Conspiracy and blackmail mentioned as people leave Kosovo

In only two months between 50,000 and 120,000 ethnic Albanians have left Kosovo in a wave migration to western European countries.

Source: Beta, Tanjug

Among them are at least 6,000 elementary school students, according to reports.

While Belgrade is merely monitoring the events rather than talking about the reasons behind the exodus, historians based in Kosovo say that in the past, "the reasons for emigration were different," while now Kosovo is being "mercilessly emptied, making the overall situation alarming and with unpredictable consequences."

Professor Hakif Bajrami fears that there is "some secret agreement of world powers" behind this mass exodus of Albanians from Kosovo.

Bajrami spoke for the public broadcaster RTK and urged the authorities "to find the strength and stop this exodus."

Demographics professor Rifat Blaku says the migration wave will have "terrible consequences." "This is a tectonic shift for the Albanians in Kosovo," he told the Pristina media.

Meanwhile, "Kosovo's secret service" has been quoted as presenting data to the assembly in Pristina that showed that more than 50,000 Albanians recently left Kosovo.

The local media in Pristina are commenting on "the very strange and unacceptable" behavior of the political leaders, who - except for Ramush Haradinaj, "who recently started to cry at a bus station when he saw the mass of his fellow citizens fleeing Kosovo" - do not attempt halt the trend and "with that give people at least a little hope."

These reports conclude that the politicians' behavior can be explained by their "fear of facing the mass of people leaving Kosovo."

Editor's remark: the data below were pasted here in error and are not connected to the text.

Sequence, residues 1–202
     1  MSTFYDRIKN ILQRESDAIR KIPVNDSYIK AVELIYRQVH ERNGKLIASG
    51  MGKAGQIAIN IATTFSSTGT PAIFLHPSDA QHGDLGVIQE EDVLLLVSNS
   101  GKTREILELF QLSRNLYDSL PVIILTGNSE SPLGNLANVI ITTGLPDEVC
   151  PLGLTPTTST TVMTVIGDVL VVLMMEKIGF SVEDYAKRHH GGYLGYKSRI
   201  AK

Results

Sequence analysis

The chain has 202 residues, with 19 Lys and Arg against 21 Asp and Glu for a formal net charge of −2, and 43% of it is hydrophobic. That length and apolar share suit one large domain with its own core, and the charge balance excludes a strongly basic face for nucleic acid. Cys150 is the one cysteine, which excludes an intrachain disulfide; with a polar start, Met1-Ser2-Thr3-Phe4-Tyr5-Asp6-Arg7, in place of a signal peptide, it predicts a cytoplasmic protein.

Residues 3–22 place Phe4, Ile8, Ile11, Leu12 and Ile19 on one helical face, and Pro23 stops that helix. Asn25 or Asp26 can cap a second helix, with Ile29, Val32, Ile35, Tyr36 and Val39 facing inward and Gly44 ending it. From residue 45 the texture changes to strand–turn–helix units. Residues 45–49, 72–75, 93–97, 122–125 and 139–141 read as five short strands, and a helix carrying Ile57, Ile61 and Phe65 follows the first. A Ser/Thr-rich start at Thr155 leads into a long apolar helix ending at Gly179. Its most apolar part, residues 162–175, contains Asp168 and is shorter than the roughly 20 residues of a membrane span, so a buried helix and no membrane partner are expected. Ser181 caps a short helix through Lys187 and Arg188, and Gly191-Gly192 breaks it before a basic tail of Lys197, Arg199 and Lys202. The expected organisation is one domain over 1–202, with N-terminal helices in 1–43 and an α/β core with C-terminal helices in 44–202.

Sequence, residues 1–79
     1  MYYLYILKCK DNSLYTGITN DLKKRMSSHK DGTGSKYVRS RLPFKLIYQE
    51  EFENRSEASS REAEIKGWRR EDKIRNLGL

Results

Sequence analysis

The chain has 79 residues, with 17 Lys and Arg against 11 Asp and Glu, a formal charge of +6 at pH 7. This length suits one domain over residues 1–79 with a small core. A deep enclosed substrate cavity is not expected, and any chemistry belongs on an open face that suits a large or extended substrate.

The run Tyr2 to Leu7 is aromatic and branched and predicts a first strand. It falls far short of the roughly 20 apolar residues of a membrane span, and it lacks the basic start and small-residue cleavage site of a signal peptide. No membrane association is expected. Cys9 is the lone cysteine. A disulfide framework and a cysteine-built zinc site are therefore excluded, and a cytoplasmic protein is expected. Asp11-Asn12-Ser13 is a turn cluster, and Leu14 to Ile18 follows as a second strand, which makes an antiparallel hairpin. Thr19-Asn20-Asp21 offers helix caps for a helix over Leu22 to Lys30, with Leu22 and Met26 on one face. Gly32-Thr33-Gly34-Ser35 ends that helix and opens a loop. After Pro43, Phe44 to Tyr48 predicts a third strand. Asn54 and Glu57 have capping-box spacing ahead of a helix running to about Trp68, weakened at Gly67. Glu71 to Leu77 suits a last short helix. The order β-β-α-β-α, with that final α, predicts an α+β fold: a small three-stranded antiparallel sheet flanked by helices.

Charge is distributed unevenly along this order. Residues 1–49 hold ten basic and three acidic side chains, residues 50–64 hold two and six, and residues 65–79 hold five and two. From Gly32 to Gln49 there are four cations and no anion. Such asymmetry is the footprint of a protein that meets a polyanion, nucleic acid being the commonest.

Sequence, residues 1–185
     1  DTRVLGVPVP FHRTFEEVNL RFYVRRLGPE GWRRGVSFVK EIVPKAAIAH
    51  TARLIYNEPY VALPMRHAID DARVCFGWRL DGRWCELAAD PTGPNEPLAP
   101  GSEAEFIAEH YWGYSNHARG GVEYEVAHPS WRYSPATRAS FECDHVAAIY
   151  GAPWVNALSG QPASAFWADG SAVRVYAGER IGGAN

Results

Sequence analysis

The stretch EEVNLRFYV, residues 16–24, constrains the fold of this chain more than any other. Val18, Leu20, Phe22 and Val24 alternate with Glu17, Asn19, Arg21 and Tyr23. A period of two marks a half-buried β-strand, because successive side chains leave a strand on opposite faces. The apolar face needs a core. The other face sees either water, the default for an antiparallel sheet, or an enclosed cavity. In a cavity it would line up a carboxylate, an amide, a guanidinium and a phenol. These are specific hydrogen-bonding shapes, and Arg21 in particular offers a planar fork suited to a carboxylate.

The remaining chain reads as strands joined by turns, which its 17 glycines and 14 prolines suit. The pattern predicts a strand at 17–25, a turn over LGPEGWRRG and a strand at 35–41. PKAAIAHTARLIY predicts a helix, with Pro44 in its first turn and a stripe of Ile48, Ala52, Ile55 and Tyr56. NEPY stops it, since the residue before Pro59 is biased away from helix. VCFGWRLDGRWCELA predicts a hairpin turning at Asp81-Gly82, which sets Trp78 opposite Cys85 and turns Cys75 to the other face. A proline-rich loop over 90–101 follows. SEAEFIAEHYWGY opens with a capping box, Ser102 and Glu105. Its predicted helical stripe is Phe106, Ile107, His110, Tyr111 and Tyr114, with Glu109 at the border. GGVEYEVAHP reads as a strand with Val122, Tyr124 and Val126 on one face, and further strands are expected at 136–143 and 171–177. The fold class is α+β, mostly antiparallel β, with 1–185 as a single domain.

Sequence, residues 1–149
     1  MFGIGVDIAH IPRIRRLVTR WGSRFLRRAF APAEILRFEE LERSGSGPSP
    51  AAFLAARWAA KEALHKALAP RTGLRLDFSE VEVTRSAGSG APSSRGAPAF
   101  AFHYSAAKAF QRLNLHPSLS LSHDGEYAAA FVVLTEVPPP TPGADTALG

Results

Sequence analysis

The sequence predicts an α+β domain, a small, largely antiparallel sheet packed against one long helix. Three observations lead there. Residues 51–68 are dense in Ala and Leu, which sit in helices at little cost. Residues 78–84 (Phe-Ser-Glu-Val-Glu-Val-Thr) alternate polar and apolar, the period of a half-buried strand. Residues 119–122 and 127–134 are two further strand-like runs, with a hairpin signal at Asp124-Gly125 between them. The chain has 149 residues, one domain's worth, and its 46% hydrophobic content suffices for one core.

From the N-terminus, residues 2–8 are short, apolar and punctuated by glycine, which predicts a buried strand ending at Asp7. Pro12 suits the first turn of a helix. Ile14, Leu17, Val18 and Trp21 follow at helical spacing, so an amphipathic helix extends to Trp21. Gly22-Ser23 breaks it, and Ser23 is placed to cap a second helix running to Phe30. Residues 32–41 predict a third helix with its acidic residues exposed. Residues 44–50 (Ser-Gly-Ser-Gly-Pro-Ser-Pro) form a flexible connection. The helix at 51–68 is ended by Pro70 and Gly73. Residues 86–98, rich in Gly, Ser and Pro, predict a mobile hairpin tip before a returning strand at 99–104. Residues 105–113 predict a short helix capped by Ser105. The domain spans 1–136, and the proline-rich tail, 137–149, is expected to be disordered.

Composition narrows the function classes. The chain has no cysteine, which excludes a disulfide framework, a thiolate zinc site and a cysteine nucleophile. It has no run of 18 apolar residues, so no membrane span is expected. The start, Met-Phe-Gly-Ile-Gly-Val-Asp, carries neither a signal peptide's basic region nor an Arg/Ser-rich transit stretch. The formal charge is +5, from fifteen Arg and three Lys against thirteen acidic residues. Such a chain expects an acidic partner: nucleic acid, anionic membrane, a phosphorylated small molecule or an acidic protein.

Some media suggest that the number of migrants has reached 100,000 since August but that "officials are hiding this information," while others claim that the number is much higher and exceeds six percent of the total population of the province, which is estimated at just under two million.

Among those leaving are mostly ethnic Albanians, but also Roma, Ashkali, and Egyptians.

Lawmakers from these communities in the Kosovo assembly claim that their countrymen are fleeing because of the very difficult living conditions, and demand from the Kosovo government to urgently take measures to prevent the exodus.

Experts also believe that the mass departure of Albanians is a consequence of many years of unemployment, bad privatizations that did not create jobs, but also "a demonstration against the government's economic policies."

Analyst Fatmir Sheholi, referring to the data of the Mother Teresa Association, said that 18 percent of the population in Kosovo lives in extreme poverty on 0.90 cents per day, while 27 percent have only 1.40 euros a day, and that unemployment is "above 60 percent."

The greatest enemy of Kosovo, says Sheholi, is "corruption, organized crime and clientelistic access to employment in Kosovo's institutions."


The Kosovo government, meanwhile, announced it was "trying to, with concrete measures," prevent the mass departure of Kosovo residents who have been leaving the territory for several weeks now through central Serbia and Hungary, and recently also via Albania.